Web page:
A tree-mendous decision: Shoppers split on whether to get real, artificial trees
WEST FARGO - Beauty may be in the eye of the beholder, but for Katie and Jason Wohlman, when it comes to buying a Christmas tree, the choice also leans heavily on the sniffer.
In choosing between real versus artificial trees, the West Fargo couple are devotees of grown. And they were out Friday, staking their claim to a Frasier fir at the Holy Cross Catholic Church Men's Club tree lot here.
"I love the smell of a real tree in the house," said Jason, sizing up a 9-footer. "And I've yet to see (an artificial tree) that looks as good."
Katie has just one question for artificial tree lovers.
"Does their tree smell like Christmas?" she asks.
Mykke Kjellerson, her husband, Mike, and their 23-month-old son, Carsen, watched as a lot attendant trimmed their 6-foot tree.
"I've always gotten a real tree. I love 'em. I'll never get an artificial tree," the Fargo woman said, adding that the smell seals the deal for her, too.
"It's just Christmas altogether," Kjellerson said.
Whether the trees are real or fake, Americans are not shy about buying them, figures show.
The National Christmas Tree Association estimates 27 million real trees, valued at $976 million, were sold in the U.S. last year. About 8.2 million artificial trees, valued at $530 million, were sold in the U.S., the group said.
Over time, sales have ebbed and flowed, with a high of 32.8 million real trees sold in 2005. Artificial trees saw a jump from 9.3 million trees in 2006 to 17.4 million in 2007, drifting back down to 11.7 million in 2008 and 2009, the NCTA reports.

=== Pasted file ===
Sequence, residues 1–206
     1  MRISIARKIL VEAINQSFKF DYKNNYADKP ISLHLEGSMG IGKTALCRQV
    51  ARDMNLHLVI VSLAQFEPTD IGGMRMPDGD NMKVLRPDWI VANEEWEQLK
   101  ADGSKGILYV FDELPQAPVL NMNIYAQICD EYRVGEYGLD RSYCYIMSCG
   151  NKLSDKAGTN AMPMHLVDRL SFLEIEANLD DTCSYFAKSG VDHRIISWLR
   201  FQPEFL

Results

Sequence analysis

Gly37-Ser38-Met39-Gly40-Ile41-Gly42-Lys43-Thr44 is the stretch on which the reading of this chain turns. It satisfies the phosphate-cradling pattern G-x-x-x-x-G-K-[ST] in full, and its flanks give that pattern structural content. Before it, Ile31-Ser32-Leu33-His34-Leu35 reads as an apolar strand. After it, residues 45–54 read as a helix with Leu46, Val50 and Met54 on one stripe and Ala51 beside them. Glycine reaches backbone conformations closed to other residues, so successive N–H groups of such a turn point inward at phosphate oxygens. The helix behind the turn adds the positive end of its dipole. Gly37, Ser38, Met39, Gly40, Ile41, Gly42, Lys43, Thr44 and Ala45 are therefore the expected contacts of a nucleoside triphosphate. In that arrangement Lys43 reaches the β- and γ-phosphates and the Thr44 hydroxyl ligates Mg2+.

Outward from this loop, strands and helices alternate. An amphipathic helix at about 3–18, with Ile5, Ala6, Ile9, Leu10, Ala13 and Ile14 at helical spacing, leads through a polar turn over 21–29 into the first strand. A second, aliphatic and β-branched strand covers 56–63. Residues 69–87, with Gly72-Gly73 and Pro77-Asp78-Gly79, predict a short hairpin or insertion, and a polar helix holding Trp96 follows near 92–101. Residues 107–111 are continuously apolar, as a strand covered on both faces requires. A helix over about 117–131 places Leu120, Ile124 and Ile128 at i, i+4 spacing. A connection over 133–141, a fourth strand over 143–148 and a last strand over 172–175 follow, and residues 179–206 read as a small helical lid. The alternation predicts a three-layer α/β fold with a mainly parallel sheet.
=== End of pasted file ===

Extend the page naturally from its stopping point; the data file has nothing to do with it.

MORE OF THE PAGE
Still, durability, ease of use and improving looks have put artificial trees in most American households. A Harris Interactive survey found 58 percent of all homes had an artificial tree in 2007.
Brian Bloemendaal is joining the ranks of those who will be able to store his Christmas cheer for another year.
At Menards, Bloemendaal and Danae Knapper were strolling through the Enchanted Forest looking for a tree that would look good, fit his budget and be allowed in his Fargo apartment.
"I was hoping actually for a real tree, but the apartment doesn't allow it," Bloemendaal said.
But for Knapper, the faster the pre-Christmas set-up, the better.
"Obviously, it has to be prelit, because I don't want to put lights on it," she said.
An aisle away, Dave Heller loaded a box with two trees into his cart. Those two trees will go outside for the entry to his home. Two other artificial trees are inside; one upstairs, one downstairs, he said.
"They're easier to deal with," Heller said. "Everything's pre-lit. Just add the ornaments."
Helmut Schmidt is a reporter for The Forum of Fargo-Moorhead. The Forum and the Bemidji Pioneer are both owned by Forum Communications Co.